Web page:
I recently had a colleague tell me he was looking for an executive coach. I asked him about his process for finding one, and, as many people looking for a coach do, he said he was asking around for names. It's the most common approach to finding a coach--find someone trusted by someone you also trust.

But when it comes to coaching, referrals actually aren't enough. You can spend valuable time vetting coaches that are the wrong fit for you or your organization and end up hiring someone less-than-optimal. Too late, you discover that the coach that was perfect for the person who recommended him or her is a poor fit for you.

As an executive coach, I want to offer you better ways to find a coach that will lead to a more effective coaching relationship. In addition to a good recommendation from your colleagues, here are seven credentials every coach should have:

 

Education: Before you select a coach, make sure to have an understanding of the coach's background. Do they have an MBA, or a PhD in executive coaching? Do they have a degree relating to leadership or business skill sets that you value?

 

Experience: Do some online research on their website, which should be clear and answer the following questions: Who have they worked with in the past? Which companies have hired them? What level of leaders do they work with?

 

Expertise: What is the coach known for? Are they known for a particular outcome, like preparing leaders for more senior positions? Do they have a particular content area, such a time management or work-life balance? Make sure to be clear on your goals before you do this research to ensure your goal and the coach's expertise are aligned.

 

Approach: Has this coach developed an established approach? What tools do they use? How do they measure success? In what way is that measurement similar or different than yours? These are all important questions to ask to make sure that you will get the most out of the coaching sessions themselves.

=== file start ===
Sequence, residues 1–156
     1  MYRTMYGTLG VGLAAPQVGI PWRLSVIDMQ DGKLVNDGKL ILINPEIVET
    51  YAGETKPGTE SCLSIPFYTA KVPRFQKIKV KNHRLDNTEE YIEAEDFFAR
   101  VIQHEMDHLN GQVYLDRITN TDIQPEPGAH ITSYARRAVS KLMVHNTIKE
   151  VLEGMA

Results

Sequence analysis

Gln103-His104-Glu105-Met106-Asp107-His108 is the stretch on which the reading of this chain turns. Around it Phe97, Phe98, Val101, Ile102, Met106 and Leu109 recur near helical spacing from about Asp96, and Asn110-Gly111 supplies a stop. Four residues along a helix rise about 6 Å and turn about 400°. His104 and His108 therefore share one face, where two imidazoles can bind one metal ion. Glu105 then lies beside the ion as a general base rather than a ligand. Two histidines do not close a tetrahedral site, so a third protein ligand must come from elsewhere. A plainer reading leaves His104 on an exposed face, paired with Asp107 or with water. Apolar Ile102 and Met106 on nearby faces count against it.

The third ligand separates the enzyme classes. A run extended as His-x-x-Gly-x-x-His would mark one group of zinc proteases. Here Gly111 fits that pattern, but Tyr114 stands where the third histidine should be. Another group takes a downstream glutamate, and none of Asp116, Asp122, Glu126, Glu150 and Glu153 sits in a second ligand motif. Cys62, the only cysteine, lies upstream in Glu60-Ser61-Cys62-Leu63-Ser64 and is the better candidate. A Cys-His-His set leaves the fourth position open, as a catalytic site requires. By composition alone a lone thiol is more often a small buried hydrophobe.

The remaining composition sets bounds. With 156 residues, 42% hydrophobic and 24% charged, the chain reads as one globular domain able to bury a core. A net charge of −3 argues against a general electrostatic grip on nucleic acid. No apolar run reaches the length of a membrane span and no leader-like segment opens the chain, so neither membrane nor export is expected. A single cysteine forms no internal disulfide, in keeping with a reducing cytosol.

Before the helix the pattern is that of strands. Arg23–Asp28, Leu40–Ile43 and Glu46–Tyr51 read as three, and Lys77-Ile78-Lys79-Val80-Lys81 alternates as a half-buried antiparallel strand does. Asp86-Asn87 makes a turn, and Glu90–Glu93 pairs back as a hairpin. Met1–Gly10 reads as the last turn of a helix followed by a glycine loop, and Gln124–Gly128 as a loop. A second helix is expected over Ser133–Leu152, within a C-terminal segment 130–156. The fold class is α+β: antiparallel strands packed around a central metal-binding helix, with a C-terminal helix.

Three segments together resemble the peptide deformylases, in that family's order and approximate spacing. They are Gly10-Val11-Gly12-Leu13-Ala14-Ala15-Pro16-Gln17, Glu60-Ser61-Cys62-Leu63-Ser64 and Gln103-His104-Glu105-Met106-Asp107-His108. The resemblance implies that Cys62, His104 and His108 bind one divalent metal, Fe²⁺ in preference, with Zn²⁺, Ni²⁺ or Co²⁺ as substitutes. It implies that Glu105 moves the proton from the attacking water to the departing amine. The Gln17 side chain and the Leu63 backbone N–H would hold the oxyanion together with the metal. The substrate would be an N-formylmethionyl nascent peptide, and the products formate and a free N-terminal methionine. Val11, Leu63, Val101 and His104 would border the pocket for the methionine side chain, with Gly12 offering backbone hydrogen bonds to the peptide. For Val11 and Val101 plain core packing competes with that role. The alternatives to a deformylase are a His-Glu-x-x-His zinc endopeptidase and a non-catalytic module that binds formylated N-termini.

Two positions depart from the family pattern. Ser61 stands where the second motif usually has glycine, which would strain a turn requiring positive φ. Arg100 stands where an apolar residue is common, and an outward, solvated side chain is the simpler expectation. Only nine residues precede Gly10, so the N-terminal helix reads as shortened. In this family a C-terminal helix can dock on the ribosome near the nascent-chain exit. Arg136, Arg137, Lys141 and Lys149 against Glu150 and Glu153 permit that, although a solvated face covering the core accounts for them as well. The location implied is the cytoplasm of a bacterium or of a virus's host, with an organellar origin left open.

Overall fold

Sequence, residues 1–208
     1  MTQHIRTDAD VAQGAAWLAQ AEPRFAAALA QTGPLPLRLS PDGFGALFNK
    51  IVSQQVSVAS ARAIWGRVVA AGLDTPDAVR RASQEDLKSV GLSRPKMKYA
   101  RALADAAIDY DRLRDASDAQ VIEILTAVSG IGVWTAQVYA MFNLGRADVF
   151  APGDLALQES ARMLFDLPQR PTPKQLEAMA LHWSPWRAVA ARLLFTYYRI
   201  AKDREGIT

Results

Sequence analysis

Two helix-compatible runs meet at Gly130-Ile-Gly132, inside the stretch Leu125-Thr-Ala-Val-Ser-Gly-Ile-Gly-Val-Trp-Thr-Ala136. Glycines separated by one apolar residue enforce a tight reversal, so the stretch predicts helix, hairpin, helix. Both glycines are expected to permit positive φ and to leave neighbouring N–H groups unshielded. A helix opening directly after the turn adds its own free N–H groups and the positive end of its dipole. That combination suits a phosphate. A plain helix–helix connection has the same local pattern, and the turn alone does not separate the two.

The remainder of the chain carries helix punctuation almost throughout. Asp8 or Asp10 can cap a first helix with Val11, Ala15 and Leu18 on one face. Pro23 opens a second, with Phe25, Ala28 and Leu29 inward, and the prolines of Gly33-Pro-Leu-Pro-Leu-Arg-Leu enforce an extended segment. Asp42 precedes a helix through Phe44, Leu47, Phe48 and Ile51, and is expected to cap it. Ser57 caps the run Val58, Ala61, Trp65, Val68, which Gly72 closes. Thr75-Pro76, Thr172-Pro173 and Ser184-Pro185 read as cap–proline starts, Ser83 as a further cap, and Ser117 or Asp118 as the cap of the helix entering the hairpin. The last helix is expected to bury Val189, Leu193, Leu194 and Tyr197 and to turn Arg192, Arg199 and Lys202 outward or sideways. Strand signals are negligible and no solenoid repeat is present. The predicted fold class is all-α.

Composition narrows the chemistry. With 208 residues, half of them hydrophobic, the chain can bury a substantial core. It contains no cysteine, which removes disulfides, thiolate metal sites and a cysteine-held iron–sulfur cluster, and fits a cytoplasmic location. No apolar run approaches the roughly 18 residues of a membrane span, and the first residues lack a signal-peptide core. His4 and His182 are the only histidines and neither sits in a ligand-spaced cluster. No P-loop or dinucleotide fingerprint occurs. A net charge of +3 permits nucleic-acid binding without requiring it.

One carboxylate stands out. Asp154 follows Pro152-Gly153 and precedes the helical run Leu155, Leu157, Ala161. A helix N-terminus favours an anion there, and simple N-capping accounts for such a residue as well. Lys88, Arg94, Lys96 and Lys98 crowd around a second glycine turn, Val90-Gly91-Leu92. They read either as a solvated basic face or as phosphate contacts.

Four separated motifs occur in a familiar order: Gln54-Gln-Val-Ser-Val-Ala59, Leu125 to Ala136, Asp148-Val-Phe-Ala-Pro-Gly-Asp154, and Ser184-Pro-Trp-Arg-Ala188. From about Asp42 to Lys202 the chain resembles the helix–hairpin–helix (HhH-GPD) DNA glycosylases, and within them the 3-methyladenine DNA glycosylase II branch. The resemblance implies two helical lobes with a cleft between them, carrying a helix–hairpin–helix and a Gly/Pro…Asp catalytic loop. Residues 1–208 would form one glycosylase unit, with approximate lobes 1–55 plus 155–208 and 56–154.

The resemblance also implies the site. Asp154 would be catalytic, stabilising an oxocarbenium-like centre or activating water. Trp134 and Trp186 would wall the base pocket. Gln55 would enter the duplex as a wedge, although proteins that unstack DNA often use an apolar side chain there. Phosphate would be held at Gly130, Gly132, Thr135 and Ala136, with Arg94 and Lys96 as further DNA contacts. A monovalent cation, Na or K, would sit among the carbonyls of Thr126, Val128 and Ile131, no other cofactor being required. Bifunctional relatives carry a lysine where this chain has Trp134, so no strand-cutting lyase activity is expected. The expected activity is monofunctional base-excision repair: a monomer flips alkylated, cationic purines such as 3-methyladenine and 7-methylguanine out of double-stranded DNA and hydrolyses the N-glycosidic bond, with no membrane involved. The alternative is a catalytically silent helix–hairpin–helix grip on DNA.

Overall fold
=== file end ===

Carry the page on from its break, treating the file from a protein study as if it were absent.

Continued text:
Personal fit: Ideally, coaches connect with their clients beyond a friendly or personal way in a way that makes the client feels like they can learn from the coach. A coach should be someone who challenges you and helps you achieve your goals. Is this coach someone you look up to and can get you where you need to go?

 

Type of coaching: Every coach has a certain group or type of professional they are committed to working with. Do they coach executives who want to work at their leadership skills? Are they a leadership coach who teaches skills for building behaviors for managers in corporate settings? Or are they a personal coach or life coach who aims to help you outside of work?

 

Track record: Every coach should have evidence of a successful track record. Has the coach you are considering written a book? Do they have testimonials, or letters of recommendation? Can they connect you to a former client? The answer to each of those questions should ideally be a yes.

 

Remember, when you're choosing an executive coach you are looking for more than coaching--you're looking for results. Set the bar high. Yes, take into account the referrals you receive from friends and colleagues, and of course look for chemistry and personal preference. But take the time to assess the impact the coach will have by applying these seven essentials criteria, and you'll give yourself the best start possible to get the most out of your coaching experience.

Published on: Dec 16, 2015